New Delhi: A parliamentary panel is understood to have slammed the Army for "deep-rooted and widespread malpractices" in its ration supply chain, observing that jawans were served food items that had, in some cases, passed their expiry dates by 28 months.

The Public Accounts Committee, in its report expected to be tabled in Parliament soon, is understood to have revealed "several glaring deficiencies and inadequacies" in the supply chain management of rations in the Army.

Decrying that 74 percent of fresh vegetables and fruits issued to units by supply depots were not in accordance with prescribed norms, the Committee said, "There are serious anomalies in receipt and supply of vegetables in one station alone."

"Deficiencies noticed in the test check are reflective of the deep-rooted and widespread malpractices in the supply chain management of the Indian Army," the PAC is understood to have observed in its report.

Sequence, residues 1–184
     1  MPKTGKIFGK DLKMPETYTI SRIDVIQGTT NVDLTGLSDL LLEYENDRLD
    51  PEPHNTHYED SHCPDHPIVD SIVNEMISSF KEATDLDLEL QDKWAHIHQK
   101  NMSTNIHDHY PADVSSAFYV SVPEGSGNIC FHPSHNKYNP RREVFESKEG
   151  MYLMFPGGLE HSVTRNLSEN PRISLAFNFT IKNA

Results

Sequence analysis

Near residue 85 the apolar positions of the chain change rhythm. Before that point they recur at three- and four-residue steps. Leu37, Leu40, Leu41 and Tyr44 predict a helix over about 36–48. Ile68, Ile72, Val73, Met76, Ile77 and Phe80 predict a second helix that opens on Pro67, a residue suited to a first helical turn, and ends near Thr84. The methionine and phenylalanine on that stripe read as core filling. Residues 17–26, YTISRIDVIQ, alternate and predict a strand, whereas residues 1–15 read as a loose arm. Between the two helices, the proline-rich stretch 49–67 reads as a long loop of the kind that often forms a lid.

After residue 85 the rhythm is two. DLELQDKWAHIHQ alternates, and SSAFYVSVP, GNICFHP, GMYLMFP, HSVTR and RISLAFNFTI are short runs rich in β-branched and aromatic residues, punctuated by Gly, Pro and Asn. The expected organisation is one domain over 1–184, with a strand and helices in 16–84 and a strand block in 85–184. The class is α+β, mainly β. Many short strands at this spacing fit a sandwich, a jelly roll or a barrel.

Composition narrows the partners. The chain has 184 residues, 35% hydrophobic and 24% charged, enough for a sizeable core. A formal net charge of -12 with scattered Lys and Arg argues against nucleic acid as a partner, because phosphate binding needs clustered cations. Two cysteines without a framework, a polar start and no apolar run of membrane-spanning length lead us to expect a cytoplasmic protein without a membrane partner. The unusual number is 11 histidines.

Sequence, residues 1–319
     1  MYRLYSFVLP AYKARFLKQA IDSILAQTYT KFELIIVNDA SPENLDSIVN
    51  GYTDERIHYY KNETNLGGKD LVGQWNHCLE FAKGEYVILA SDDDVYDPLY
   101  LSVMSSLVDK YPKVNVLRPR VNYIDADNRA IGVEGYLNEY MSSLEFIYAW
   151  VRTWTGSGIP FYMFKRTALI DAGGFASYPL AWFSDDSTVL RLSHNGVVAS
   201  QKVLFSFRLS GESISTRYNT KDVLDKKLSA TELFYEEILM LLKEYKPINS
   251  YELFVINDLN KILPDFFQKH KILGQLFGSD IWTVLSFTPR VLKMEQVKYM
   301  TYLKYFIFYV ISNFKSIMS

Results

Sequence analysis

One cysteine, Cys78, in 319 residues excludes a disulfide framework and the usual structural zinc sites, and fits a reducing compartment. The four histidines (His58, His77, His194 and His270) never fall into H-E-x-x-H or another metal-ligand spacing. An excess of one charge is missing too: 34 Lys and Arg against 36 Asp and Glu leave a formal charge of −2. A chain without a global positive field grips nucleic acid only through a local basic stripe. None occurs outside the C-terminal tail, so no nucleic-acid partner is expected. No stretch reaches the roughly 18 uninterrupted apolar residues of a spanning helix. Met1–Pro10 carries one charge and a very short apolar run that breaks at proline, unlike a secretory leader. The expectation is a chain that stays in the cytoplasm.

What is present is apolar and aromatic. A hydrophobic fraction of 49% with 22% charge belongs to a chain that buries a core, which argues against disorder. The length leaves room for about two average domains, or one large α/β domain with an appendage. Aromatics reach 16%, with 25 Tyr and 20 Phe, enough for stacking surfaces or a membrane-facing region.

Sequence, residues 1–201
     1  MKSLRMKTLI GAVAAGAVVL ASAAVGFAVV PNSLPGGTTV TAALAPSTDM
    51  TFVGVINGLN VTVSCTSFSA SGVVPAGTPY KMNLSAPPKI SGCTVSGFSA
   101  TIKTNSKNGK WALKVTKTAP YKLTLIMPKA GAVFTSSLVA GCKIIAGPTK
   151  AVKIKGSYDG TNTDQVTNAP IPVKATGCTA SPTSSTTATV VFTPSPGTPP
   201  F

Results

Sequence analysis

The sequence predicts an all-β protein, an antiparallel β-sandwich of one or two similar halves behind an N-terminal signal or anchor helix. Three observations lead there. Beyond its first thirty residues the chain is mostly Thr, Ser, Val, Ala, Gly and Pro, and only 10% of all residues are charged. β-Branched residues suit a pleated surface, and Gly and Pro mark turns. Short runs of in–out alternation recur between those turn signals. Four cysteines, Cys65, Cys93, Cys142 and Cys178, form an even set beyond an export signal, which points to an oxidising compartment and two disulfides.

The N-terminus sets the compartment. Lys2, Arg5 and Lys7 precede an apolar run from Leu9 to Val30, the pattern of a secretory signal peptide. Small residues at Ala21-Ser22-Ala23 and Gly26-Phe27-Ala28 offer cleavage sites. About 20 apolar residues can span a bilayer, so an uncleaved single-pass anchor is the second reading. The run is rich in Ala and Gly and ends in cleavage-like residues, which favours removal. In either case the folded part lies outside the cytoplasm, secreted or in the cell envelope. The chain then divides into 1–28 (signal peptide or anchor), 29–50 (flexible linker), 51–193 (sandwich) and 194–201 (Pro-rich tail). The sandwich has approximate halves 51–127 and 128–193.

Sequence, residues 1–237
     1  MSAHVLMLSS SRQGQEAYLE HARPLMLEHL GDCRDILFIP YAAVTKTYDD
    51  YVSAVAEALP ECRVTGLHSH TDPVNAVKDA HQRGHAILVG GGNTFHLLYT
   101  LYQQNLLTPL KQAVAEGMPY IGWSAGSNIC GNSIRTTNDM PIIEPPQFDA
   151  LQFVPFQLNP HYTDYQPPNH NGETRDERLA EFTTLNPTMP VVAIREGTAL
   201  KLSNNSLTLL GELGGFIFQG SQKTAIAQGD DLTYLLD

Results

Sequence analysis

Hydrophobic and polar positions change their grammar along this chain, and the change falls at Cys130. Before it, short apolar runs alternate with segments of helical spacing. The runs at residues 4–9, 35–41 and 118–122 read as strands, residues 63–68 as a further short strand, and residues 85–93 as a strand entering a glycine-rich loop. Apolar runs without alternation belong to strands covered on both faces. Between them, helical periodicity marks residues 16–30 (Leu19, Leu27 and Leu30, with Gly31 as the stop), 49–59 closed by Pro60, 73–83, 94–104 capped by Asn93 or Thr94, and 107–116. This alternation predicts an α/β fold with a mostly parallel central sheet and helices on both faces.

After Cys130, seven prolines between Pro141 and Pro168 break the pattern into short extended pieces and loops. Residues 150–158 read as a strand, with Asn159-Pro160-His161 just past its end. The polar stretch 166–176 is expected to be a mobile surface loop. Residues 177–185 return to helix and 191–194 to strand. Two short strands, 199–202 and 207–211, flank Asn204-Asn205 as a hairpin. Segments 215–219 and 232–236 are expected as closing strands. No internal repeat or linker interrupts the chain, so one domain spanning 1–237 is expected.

The PAC has observed "shortcomings" in procurement procedures of Army Service Corps, issue of rations to troops even after expiry of original Estimated Storage Life (ESL), highly non-competitive procurement of fresh rations and deviation from the laid down guidelines.

The Committee said it was startled to know "ESL of a number of dry rations was extended by an Army lab beyond its permissible limit".

"Still worse, these dry rations were consumed by the troops even six to 28 months after expiry of their normal ESL," it is believed to have said.

The Committee deplored the mismatch in issue and receipt of rations observing that this was "inconceivable without complicity of officers" concerned.